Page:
Term 5

Exam season kicked in during Term 5, with our students engaged in their final revision before taking on the challenges of GCSEs and A-levels. The Tudor Block came down in a matter of weeks, and before we knew it we were saying farewell to the class of 2019!

Term 6

We’ve finished the year strong, with the opening of the Food rooms by chef Josh Eggleton, the annual Sponsored Walk and Trek, Sports Day and Activities Week. Finally this week, I have given out over 400 awards at our House Celebration of Success events. It’s a real privilege to see the young people at Churchill working so hard, and seeing the progress they have all made over the course of this year as a result of the efforts they have put in.

There is much to look forward to in 2019-20. But first, I’m sure all of us are looking forward to the summer holidays: a well-deserved chance to rest and recharge, get out in the fresh air, catch up on reading for pleasure, and hopefully spend time with family and friends. I urge you all to make the most of the break, so that you are refreshed and ready to do it all again – even better this time! – in September.

Finding your fire

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“Education is not the filling of a pail, but the lighting of a fire”

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I often use that quotation when I am talking about education. When I was at school in north west London in the early 1990s, my mind was lit up by English Literature, and particularly poetry. My teachers were skilful and knowledgeable enough to feed that fire, which led me to studying English Language and Literature at university. The flame continued to burn brightly as I trained to teach English, and has been the torch that has guided me throughout my career. There is no greater pleasure than passing on that spark to somebody else, and seeing them get as excited as you do about your subject.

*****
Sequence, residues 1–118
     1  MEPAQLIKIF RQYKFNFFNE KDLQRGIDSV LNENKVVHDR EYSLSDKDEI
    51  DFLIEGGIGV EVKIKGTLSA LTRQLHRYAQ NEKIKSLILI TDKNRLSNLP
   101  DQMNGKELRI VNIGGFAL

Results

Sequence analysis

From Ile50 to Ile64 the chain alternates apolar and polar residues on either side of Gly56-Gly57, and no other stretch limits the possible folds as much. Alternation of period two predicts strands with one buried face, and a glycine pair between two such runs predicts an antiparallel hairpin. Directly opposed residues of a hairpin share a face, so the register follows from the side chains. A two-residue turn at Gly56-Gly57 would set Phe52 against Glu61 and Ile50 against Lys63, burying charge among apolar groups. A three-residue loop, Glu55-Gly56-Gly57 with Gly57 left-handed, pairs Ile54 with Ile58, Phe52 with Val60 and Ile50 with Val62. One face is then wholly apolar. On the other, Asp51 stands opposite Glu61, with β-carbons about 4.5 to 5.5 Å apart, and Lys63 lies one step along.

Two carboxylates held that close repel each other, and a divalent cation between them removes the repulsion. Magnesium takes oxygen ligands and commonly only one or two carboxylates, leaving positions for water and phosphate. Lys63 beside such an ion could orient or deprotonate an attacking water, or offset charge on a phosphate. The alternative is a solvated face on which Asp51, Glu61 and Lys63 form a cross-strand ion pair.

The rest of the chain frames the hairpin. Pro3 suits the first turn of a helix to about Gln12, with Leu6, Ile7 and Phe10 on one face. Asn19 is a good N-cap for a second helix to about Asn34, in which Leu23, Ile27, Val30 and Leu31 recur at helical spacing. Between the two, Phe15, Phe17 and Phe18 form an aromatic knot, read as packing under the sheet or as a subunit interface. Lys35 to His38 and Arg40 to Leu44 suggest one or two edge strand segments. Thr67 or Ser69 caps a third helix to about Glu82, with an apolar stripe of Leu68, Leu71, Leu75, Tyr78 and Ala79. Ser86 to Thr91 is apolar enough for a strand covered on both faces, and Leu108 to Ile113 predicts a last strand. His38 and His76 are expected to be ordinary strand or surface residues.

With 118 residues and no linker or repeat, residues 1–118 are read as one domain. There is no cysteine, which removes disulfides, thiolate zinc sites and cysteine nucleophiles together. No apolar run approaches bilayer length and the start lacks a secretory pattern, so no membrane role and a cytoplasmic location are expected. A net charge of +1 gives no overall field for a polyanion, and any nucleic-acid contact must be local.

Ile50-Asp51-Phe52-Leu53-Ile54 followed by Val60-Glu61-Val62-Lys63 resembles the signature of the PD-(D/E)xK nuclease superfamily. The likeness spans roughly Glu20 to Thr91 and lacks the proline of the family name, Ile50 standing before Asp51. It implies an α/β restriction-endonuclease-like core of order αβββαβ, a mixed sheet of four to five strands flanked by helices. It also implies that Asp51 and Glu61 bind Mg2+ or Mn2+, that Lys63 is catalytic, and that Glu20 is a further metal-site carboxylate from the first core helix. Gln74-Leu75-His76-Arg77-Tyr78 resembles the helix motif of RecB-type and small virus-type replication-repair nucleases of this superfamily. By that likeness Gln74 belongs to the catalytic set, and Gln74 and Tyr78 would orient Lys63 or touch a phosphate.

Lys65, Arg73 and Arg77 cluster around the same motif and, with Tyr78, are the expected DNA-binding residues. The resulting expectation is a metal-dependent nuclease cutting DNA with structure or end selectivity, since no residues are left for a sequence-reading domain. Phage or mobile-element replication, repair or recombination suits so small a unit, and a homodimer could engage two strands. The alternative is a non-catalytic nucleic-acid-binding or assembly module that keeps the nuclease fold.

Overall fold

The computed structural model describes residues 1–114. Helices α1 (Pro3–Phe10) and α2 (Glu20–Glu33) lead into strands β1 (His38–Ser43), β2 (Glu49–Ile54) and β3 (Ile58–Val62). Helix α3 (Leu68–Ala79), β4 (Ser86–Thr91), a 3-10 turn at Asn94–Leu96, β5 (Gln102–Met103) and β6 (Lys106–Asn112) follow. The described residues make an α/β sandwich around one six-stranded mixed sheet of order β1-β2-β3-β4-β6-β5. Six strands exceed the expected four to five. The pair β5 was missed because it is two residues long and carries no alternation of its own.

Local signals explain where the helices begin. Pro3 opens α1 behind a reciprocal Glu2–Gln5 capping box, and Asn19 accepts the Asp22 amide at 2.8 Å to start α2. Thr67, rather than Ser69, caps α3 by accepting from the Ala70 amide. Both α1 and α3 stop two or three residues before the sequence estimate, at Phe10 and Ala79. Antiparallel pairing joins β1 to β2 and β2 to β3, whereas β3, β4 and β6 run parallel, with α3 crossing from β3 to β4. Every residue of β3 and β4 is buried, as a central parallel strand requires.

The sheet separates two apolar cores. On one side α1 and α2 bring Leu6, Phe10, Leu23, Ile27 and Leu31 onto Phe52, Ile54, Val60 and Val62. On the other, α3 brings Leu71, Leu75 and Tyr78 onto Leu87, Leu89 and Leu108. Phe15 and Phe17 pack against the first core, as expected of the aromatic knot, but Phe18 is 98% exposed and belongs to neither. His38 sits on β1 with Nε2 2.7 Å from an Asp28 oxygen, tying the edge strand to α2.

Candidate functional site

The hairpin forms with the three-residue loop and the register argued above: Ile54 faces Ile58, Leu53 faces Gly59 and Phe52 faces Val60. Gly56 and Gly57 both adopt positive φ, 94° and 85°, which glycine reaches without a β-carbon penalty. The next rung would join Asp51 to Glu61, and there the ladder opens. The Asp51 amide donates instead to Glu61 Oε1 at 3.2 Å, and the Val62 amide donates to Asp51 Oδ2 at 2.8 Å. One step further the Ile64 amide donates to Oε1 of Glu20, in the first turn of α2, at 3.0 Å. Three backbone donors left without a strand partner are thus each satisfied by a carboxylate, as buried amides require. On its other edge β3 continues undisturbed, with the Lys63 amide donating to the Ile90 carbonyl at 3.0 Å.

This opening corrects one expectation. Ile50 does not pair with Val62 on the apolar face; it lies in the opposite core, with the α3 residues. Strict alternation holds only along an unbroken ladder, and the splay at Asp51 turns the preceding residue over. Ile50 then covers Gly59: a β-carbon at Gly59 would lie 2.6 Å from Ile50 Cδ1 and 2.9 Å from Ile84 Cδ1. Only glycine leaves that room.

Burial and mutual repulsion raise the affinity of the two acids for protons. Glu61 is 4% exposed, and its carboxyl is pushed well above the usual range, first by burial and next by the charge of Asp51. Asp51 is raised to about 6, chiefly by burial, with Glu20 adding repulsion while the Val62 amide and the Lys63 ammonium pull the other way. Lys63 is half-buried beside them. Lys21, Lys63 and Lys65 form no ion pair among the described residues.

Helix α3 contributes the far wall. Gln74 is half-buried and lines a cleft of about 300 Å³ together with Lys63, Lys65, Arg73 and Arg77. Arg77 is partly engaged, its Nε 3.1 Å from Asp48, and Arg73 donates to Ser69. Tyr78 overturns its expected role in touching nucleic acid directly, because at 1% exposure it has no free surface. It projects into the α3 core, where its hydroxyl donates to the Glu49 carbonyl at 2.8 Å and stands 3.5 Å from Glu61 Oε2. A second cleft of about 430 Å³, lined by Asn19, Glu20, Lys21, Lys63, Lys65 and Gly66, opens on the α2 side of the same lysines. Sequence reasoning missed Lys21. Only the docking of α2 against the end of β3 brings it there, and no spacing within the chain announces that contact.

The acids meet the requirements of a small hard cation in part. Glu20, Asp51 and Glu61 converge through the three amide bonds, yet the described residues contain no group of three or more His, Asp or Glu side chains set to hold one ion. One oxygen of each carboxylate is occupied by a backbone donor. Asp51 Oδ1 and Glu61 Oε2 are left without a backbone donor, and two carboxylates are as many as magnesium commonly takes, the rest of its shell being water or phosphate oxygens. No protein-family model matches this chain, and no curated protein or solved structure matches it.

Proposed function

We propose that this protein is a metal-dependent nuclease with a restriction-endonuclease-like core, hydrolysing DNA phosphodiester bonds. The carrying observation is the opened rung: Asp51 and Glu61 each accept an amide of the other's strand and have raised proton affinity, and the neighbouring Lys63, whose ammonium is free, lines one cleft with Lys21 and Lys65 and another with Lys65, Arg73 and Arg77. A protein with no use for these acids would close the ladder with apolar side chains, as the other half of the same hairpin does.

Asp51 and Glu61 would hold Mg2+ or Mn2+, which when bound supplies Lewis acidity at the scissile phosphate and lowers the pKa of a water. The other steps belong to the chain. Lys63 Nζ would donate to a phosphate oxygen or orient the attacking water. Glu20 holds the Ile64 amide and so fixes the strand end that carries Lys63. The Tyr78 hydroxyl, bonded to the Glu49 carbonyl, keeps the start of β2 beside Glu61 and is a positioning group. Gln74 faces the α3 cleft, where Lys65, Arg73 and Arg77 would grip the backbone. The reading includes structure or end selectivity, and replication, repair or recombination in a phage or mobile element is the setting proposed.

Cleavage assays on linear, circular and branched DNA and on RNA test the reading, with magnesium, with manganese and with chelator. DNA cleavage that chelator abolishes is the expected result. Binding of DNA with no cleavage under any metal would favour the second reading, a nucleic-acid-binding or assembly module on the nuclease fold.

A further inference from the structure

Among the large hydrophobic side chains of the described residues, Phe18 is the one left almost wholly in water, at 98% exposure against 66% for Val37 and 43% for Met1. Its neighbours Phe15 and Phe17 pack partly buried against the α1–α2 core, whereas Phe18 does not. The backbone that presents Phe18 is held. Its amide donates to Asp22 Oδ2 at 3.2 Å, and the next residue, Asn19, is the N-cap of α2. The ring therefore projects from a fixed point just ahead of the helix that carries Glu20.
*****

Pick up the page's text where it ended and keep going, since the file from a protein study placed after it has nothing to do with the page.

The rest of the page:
For me it was English. For others it’s Mathematics, or hockey, or cooking, or chemistry, or painting, dance, textiles, the saxophone…

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Our Year 7 students in a cookery workshop with Michelin-star-winning chef Josh Eggleton, and Churchill alumnus Nick Woodhouse, who completed an apprenticeship with Josh after leaving Churchill

Where our students have already found their passion, we do our best as a school to nurture it. But one of the most important things adults can do for young people is introduce them to as many new subjects, skills and experiences as possible. Every time we do, we open up possibilities. This could be the thing that really lights their fire.

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Game Stars competition winner Tabitha with Josh Eggleton (and me!) this week at the opening of the food rooms